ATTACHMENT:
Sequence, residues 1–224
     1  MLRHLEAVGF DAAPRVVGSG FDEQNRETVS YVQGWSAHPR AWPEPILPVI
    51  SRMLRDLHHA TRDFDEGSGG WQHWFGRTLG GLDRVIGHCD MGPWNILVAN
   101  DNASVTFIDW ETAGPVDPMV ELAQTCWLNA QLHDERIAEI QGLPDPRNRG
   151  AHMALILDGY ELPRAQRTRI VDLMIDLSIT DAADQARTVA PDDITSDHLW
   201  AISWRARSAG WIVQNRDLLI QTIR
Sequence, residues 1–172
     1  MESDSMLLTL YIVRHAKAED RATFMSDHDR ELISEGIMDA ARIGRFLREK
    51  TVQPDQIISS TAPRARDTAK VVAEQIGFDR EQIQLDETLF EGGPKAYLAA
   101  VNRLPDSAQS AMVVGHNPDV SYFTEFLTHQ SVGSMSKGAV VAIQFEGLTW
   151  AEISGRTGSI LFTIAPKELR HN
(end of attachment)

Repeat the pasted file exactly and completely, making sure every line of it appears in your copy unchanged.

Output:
Sequence, residues 1–224
     1  MLRHLEAVGF DAAPRVVGSG FDEQNRETVS YVQGWSAHPR AWPEPILPVI
    51  SRMLRDLHHA TRDFDEGSGG WQHWFGRTLG GLDRVIGHCD MGPWNILVAN
   101  DNASVTFIDW ETAGPVDPMV ELAQTCWLNA QLHDERIAEI QGLPDPRNRG
   151  AHMALILDGY ELPRAQRTRI VDLMIDLSIT DAADQARTVA PDDITSDHLW
   201  AISWRARSAG WIVQNRDLLI QTIR
Sequence, residues 1–172
     1  MESDSMLLTL YIVRHAKAED RATFMSDHDR ELISEGIMDA ARIGRFLREK
    51  TVQPDQIISS TAPRARDTAK VVAEQIGFDR EQIQLDETLF EGGPKAYLAA
   101  VNRLPDSAQS AMVVGHNPDV SYFTEFLTHQ SVGSMSKGAV VAIQFEGLTW
   151  AEISGRTGSI LFTIAPKELR HN